Louise, i can relate to everything you wrote. Plz.contact me if you need resources or support. I understand all the aspects of relationship complications, etc, I’ve been through it all and have an amazing support group that relate to everything you are going through. I’m sorry for your struggles, you are not alone.

    Meredith

     

    MeredithSLP@gmail.com

     

     

     

    #194051
    Eliana
    Participant

    Hi Louise,

    I’m sorry to hear what you are going through. I too suffer from Chronic illness, and it has greatly impacted my social life, loss of friendships, etc. I know how lonely things can get. It’s very isolating. Doctor’s just want to throw medication at you instead of addressing the root cause. I don’t have children or family making things very difficult, but each day I just try to find a little purpose. Just know you are not alone. x

    #194625
    Rachael
    Participant

    Hi Louise,

    We have so much in common!  I started getting sick at 20 with Hashimoto’s. Eventually I was diagnosed with CFS, and Fibromyalgia and POTS.  I also got worse to the point that I could not stand up and was in a wheel chair.   I also was allergic to all sorts of perfumes and chemicals.  I started to get discouraged because I was housebound and my life had become so small (I was also a big traveler and have been to over 30 countries, so like you, being house-bound was very painful for me.) Doctors’ were no help and what was worse, when they don’t know how to help, they often treat you as if it’s all in your head.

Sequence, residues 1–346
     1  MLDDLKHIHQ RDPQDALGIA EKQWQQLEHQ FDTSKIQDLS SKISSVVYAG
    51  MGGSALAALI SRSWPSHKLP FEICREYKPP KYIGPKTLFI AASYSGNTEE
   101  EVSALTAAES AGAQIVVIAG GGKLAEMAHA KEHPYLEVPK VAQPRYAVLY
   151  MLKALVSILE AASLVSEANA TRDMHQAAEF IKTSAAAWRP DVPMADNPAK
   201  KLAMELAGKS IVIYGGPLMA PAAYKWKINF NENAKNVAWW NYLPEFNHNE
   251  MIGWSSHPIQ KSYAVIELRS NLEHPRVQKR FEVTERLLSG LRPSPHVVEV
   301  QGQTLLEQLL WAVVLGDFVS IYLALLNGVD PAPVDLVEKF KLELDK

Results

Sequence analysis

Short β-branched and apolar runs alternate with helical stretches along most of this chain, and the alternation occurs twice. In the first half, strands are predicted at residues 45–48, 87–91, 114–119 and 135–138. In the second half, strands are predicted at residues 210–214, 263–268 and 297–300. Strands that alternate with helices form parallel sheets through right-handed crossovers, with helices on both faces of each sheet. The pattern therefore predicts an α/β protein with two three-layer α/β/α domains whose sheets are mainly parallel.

Here’s what worked for me:

    Mentally/Emotionally

    I started watching a lot of Eckhart Tolle videos on YouTube.  I actively chose to move from a state of resistance to a state of acceptance.  This is not done from burying your very understandable grief about the situation. I, too had to deeply mourn the life that I wanted to have, but lost.  You have to feel the emotions.  I sit in my tub and talk to my grief, despair, frustration, etc. and I listen to what each emotion has to teach me, and I offer comfort to it like one would comfort a small child. I have also spent a lot of time processing traumas that I believe contributed to my getting sick (my illness is epigenetic, a combination of genes, viral/bacterial exposure, and trauma/mold exposure is what I believe activated those genes).  Emotional processing, for me, is something that needs to be done on an on-going basis as there are always difficult emotions that come up around being so sick.

    Meditation, including guided meditations and hypnosis found on YouTube has been great for me.  Even though there may be very little spaciousness in your external life, through meditation, you can find more space in your internal life.

    Music is a life saver.  I use music that I love to comfort me when I need it most.  Also, if you do get to a point where you can read, I recommend Jaques Lusseyran’s Let There Be Light.  It is an autobiographical account of a blind french man who was integral in the French Resistance and was put into a concentration camp.  Though all that sounds depressing, it is an incredibly moving, light-filled story and his recovery from several life-threatening diseases that hit him in the concentration camp is a testimony to the human ability to heal.